by simongalton on 31 July, 2014
Residents in rural areas have had the short end of the stick when it comes to broadband. New infrastructure has always been rolled out in densely populated areas first, and the further your property is from an exchange, the more broadband signals degrade under copper wires.
For this reason, the Government set up a rural broadband programme, managed by BDUK, to bring superfast broadband to rural homes. Their aim was to bring speeds of at least 24Mbps to 90% of homes, and a minimum speed of 2Mbps to the remaining 10%. The County Council have managed the programme across Leicestershire, using a combination of local and central government funding, to subsidise the extension of superfast broadband under the BDUK template.
However, this approach has had limitations. The first is that BT, who won all of the contracts under the BDUK scheme, provides Fibre to the Cabinet rather than Fibre to the Premises. This means that BT only provides Fibre connections as far as their green cabinets, which are then connected to homes and businesses through copper wires. Homes and businesses located near the cabinet will receive speeds up to 24Mbps, but further away, the signal degrades and many properties will be unlikely to receive the 2Mbps minimum.
The second limitation is that internet usage has moved on since the targets of 24Mbps and 2Mbps were set. Modern internet usage is much more data-heavy, with families requiring a connection with enough bandwidth to serve multiple devices, and with streaming services such as Netflix requiring a minimum of 5Mbps to operate properly. The EU has now set new targets for its Member States to provide all properties with a minimum connection of 100Mbps for 50% of its properties and 30Mbps for the remainder by 2020.
As a result, the County Council will now be implementing an “Extension Programme”, offering further investment to extend superfast broadband to areas that aren’t benefitting from the current programme and will be specifying a speed of 30Mpbs, although in practice, BT will allow for this to fall to 15Mbps during peak times.
After much lobbying, from myself and numerous residents, the Council appears to have acknowledged the limitations of the standard BDUK template and is now exploring alternative approaches for other areas. They are about to commence an Open Market Review that will determine which areas of the County will not benefit from commercial investment or the current phase one roll out as part of the BT Contract. This will determine the intervention area where the Council will look to invest a further £9m of Government, LLEP and local council funding as part of the Superfast Broadband Extension Project. The process includes a 5 week period of public consultation starting in September.
A new map will be produced showing market led and existing investment – this will enable potential bidders to submit bids early next year for the remaining areas not included in the current roll out. The vision is to achieve 100% coverage by 2018 but the tender process will determine how many additional properties will actually be included.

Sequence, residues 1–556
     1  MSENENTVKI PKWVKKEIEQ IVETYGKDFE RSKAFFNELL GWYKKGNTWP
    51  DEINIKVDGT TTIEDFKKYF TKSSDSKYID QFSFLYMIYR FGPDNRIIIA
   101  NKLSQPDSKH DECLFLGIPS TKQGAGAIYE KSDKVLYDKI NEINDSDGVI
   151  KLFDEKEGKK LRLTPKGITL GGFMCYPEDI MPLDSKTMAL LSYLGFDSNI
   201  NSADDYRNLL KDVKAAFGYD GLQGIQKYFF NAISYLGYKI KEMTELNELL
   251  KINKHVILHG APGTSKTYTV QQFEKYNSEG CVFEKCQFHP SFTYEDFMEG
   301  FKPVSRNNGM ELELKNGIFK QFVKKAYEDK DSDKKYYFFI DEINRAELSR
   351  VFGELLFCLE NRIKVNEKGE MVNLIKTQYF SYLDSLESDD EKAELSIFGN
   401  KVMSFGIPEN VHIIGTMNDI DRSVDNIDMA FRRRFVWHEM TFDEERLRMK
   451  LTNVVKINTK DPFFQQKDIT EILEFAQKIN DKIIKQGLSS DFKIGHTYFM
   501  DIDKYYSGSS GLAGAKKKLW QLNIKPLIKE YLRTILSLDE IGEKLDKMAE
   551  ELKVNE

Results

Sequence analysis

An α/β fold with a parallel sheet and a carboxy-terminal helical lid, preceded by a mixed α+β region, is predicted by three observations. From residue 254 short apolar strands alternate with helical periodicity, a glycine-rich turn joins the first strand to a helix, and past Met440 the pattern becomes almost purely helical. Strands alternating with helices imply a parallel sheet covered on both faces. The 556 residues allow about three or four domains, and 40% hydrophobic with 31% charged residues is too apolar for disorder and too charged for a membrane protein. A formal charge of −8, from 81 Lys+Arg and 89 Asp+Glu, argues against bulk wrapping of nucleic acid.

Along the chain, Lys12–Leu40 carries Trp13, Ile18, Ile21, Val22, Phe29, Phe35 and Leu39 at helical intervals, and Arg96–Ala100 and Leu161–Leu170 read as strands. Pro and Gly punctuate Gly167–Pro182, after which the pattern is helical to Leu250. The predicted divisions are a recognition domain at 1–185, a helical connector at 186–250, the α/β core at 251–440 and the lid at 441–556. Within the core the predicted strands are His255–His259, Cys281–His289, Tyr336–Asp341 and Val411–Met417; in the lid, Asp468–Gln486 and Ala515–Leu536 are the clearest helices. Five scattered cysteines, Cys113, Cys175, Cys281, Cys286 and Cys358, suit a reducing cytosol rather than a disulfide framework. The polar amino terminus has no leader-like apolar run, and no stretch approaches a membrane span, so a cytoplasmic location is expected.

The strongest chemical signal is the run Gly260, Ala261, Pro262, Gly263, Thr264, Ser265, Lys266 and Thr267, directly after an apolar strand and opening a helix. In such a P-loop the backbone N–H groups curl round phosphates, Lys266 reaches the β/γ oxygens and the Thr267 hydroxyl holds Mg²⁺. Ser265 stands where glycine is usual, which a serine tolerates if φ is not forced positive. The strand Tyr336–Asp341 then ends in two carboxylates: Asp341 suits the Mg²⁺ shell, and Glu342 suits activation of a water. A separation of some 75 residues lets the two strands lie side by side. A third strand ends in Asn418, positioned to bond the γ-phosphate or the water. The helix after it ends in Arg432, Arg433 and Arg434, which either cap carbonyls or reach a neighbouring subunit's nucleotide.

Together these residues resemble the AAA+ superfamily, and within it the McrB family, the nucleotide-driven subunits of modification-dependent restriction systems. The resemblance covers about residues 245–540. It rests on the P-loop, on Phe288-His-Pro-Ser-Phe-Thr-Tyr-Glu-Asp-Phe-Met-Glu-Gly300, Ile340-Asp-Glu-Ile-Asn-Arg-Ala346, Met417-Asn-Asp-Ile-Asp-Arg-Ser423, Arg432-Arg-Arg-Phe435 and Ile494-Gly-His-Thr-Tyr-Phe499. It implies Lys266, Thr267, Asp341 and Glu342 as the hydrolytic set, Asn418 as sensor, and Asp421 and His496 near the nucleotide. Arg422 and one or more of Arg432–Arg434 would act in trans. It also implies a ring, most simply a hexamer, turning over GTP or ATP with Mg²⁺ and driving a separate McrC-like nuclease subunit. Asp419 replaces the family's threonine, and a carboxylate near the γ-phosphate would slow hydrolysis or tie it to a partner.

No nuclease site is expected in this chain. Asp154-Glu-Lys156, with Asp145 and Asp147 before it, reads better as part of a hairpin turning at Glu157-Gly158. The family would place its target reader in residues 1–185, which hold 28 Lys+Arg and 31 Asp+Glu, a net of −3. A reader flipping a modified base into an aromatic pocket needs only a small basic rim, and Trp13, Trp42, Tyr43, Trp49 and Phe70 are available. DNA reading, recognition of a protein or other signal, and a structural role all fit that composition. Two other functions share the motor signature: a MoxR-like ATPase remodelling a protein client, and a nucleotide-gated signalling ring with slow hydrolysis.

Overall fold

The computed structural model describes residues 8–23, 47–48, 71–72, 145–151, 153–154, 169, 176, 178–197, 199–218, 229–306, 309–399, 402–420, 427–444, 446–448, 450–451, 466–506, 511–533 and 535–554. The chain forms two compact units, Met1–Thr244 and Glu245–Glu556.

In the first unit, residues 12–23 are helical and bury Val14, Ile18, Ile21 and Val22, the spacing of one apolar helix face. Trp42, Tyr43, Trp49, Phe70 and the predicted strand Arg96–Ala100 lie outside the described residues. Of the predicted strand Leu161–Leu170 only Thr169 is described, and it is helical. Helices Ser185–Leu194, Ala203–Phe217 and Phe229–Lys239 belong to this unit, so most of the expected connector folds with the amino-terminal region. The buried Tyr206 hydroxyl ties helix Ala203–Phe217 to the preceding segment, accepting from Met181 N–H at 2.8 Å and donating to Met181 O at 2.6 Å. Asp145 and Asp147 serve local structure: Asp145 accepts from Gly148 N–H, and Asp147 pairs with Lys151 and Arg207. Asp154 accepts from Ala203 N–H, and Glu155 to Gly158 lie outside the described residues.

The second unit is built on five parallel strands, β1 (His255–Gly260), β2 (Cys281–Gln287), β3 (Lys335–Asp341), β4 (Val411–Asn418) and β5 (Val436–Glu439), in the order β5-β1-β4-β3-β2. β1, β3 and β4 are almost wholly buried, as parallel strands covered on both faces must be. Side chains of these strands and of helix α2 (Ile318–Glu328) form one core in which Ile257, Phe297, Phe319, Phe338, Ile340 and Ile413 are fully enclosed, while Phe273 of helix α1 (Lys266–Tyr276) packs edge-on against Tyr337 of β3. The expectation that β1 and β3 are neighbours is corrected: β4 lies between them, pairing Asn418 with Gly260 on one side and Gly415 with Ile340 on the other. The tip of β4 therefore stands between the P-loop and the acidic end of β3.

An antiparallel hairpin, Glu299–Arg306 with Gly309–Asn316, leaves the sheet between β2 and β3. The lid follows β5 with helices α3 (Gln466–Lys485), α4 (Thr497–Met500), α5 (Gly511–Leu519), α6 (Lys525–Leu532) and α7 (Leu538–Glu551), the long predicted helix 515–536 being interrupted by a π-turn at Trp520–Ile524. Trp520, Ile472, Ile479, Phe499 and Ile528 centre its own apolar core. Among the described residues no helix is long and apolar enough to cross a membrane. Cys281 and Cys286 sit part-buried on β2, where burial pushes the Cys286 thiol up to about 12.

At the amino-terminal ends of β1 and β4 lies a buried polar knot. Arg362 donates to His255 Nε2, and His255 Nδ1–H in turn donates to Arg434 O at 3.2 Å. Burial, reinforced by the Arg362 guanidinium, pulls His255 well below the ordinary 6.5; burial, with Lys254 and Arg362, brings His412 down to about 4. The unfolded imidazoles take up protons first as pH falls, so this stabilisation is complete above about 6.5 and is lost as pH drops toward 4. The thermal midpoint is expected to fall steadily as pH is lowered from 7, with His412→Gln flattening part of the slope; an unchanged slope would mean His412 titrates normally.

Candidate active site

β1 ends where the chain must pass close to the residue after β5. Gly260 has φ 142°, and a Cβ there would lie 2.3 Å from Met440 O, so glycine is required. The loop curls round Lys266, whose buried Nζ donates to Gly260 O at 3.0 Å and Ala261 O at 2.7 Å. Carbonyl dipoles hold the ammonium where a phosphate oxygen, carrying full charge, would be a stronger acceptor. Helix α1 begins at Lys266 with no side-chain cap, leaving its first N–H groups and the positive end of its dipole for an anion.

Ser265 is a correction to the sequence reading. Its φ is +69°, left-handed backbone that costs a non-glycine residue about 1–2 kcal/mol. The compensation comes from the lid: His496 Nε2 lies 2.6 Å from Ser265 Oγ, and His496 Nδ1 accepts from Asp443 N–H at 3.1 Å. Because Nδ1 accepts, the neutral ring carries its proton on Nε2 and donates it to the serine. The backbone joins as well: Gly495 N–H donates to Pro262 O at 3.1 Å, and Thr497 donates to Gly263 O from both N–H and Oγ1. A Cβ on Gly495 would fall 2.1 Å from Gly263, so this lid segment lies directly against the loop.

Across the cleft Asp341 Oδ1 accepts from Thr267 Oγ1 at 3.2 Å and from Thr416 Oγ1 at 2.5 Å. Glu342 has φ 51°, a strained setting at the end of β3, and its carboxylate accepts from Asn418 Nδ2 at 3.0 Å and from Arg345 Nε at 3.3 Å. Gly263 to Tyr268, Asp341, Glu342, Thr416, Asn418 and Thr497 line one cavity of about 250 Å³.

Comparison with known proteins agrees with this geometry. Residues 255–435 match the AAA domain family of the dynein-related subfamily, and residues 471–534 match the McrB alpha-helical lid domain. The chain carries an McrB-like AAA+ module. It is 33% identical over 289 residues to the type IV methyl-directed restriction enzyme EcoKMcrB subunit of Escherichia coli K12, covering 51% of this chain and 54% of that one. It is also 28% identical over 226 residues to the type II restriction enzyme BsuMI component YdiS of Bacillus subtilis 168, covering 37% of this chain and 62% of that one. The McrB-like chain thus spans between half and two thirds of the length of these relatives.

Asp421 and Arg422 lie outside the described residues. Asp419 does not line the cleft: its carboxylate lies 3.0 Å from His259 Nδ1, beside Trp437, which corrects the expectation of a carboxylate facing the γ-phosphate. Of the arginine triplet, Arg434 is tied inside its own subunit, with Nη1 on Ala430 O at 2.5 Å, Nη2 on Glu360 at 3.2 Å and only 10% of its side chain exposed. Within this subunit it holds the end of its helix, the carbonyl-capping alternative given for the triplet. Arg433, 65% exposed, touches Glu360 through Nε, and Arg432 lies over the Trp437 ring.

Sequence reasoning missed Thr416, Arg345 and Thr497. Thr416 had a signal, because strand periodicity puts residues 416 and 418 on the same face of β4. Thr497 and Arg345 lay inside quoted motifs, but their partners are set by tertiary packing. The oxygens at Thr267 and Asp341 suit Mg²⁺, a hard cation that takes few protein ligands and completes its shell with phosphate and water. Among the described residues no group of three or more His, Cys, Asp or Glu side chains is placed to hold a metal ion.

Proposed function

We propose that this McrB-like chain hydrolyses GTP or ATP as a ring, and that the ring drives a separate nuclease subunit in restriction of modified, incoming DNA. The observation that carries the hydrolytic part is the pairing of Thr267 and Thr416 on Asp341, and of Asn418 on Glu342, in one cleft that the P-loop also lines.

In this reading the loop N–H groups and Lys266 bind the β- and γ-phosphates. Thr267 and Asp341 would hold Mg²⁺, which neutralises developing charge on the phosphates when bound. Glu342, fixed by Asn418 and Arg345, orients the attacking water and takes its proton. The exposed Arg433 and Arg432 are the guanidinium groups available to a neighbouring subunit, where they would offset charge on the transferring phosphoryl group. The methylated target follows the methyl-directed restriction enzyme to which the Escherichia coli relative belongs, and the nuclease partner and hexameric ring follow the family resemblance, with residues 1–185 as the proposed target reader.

Concern remains that even with the planned additional investment committed for the extension programme some deep rural areas in the eastern part of Harborough including the Welland Valley are unlikely to benefit if the new contract utilises current technologies based on upgrading exchanges and using existing old copper telephone lines. Experience suggest that if you live more than 1.5 km from the nearest cabinet or exchange speeds reduce significantly which means households considerably beyond this distance are unlikely to get much benefit due to technical limitations.
This means a different approach is needed in rural areas which can be 4 or 5km from the nearest cabinet or exchange. I welcome the fact that some of the funding for the extension programme is being held back to enable alternative solutions to be explored for the remaining 6% of properties in Leicestershire many of which are in the area I represent.
I have been deeply impressed by some of the smaller providers and community approaches to providing broadband in rural areas. By persuading landowners and volunteers of the mutual benefits of improving broadband connections in their areas, many of them have been able to lay miles of fibre optic cables at a far lower cost than BT’s traditional approach. By providing Fibre to the Premises connections, they are able to offer full broadband connections of up to 1,000Mbps, a future-proofed solution offering some of the best speeds in the country.
Such independent providers can come with drawbacks, such as higher subscription fees and installation costs than BT usually charges, but they may be the only way that residents in deep rural areas can achieve a good quality broadband connection.
Either way, I don’t think the decision should be mine or the County Council’s to make. I want to see residents from affected areas presented with the facts and the different options with the advantages of drawbacks of each. I hope that Council officers will continue to consult with parishes and residents of these areas and for the Council’s final decision to be based on their wishes.
I will continue to campaign for local communities to be listened to.Leave a comment